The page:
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One can often derive adjectives from city names, the most famous example probably being Romanus from Roma. Such derivatives are typically formed with -anus or -ensis. My impression is that -anus is typically restricted to names ending in -a (like Roma), but -ensis can be used for any kind of name. For a first declension example, the adjective derived from Aboa (Turku) is Aboensis, not Aboanus.

Suppose I have a city name ending in -a. Is there any rule or tendency for choosing between -anus and -ensis? How do I know which one to pick? Does it depend more on the time and location where the derivative is formed or on the type of the city?

This is related to the recent question about Eura. I learned that the city is called Eura in Latin, but now I would like to know whether to derive Euranus or Eurensis. However, instead of this special case I want to focus on general rules (or lack thereof) for such derivations. If someone knows the answer for Eura, I can make it into a separate question so that particular translation stands out (or you can post it as an answer to the previous Eura question).

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This kind of thing is codified in Bennett's New Latin Grammar at http://www.thelatinlibrary.com/bennett.html#sect150

The entries that you seek are:

Names of persons take the suffixes: -ānus, -iānus, -īnus; as, —Catōniānus, belonging to Cato; Plautīnus, belonging to Plautus.

Names of nations take the suffixes -icus, -ius; as ,—Germānicus, German; Thrācius, Thracian.

Names of places take the suffixes -ānus, -īnus, -ēnsis, -aeus, -ius; as,—Rōmānus, Roman; Athēniēnsis, Athenian; Amerīnus, of Ameria; Smyrnaeus, of Smyrna; Corinthius, Corinthian.

NOTE.— -ānus and -ēnsis, appended to names of countries, designate something stationed in the country or connected with it, but not indigenous; as,— bellum Āfricānum, a war (of Romans with Romans) in Africa; bellum Hispāniēnse, a war carried on in Spain. legiōnes Gallicānae, (Roman) legions stationed in Gaul.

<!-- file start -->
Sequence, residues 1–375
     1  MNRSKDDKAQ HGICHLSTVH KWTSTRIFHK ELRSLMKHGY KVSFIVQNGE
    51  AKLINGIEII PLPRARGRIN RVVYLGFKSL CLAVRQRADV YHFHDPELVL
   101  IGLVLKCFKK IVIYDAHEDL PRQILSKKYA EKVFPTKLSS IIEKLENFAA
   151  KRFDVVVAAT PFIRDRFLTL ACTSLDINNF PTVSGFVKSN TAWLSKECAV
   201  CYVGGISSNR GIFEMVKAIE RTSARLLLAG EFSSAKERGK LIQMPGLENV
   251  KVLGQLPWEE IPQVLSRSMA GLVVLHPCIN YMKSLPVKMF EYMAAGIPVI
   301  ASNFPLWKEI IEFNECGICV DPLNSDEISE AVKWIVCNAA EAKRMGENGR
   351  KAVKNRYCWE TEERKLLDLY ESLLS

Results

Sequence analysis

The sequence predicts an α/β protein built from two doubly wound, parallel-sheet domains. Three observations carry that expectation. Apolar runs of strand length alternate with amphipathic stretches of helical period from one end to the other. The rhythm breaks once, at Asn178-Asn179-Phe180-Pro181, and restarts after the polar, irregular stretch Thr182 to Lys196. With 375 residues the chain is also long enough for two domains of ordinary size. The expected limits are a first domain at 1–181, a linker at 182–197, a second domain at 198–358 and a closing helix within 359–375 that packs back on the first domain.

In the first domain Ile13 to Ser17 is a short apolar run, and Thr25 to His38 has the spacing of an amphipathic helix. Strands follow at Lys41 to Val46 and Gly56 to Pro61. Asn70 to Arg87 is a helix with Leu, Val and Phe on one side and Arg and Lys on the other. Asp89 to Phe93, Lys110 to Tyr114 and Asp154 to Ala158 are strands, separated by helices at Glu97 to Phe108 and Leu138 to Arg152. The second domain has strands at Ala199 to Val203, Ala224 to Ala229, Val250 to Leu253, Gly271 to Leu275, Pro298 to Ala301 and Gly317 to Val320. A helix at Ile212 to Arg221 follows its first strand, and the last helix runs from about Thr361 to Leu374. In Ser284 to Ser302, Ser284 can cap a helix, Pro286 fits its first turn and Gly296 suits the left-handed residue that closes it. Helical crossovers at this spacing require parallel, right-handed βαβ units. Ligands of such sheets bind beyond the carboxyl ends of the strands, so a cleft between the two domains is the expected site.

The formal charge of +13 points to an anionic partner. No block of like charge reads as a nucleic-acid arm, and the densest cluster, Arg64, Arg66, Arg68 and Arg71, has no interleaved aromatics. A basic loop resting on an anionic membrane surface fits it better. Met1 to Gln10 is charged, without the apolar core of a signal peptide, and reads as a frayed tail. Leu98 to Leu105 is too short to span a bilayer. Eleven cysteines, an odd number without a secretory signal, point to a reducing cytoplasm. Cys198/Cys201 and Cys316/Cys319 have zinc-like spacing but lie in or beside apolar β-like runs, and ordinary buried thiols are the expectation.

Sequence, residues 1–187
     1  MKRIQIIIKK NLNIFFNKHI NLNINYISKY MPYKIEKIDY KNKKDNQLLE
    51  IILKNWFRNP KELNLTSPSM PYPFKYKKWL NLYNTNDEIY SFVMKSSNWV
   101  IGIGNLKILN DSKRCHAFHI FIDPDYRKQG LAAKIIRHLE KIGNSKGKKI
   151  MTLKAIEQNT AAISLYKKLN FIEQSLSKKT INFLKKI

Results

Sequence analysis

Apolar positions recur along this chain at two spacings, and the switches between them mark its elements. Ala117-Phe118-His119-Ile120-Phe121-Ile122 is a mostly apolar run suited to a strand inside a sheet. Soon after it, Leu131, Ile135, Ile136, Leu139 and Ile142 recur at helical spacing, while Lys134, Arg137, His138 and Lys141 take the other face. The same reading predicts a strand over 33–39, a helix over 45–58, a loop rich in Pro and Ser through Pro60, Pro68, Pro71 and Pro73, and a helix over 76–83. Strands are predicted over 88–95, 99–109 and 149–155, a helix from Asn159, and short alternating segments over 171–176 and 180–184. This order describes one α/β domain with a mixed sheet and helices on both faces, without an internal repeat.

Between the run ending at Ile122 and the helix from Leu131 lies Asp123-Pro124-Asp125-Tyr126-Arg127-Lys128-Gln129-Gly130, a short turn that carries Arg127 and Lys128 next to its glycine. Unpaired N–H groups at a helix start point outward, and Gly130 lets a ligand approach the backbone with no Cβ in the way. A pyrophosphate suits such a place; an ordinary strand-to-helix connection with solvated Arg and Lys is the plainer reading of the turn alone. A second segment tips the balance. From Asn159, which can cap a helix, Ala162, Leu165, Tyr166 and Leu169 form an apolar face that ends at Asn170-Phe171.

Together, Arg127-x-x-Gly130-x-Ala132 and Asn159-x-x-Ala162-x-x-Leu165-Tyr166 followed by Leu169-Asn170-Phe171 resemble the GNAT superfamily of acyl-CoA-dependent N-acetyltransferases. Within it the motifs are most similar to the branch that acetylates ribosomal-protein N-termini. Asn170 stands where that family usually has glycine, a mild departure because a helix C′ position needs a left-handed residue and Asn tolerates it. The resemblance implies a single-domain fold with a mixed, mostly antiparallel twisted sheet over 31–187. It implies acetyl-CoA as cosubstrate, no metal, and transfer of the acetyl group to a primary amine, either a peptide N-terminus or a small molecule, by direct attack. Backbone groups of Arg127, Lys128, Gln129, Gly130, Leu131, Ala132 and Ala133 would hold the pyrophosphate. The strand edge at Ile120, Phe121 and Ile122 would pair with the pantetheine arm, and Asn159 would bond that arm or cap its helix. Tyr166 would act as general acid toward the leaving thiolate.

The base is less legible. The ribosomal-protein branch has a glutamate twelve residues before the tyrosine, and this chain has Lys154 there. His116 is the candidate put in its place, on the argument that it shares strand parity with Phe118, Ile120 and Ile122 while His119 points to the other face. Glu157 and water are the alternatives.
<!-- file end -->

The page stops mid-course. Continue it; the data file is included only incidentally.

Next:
• So you are telling us that Chilean shouldn't be chilensis? Now that's huge. As a Chilean myself I have never heard other forms. Ofc, any Chile-related name in Latin is necessarily modern, yet there are many examples of scientific and Ecclesiastical (and a few civil) names with chilensis on them – Rafael Jun 22 '17 at 21:37
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    I feel this does not answer the OP's questions completely. Yes -ānus and -ēnsis are appended to place names, but he was asking how to choose one or the other. Made me wondering too! – kkm Jun 22 '17 at 22:02
  • Many thanks! Although you don't give a comparison of -anus and -ensis (as @kkm points out), this answer is very useful and interesting, and thus greatly appreciated. +1! (I meant to write this yesterday, but the Finnish midsummer caused some delays.) – Joonas Ilmavirta Jun 23 '17 at 19:38

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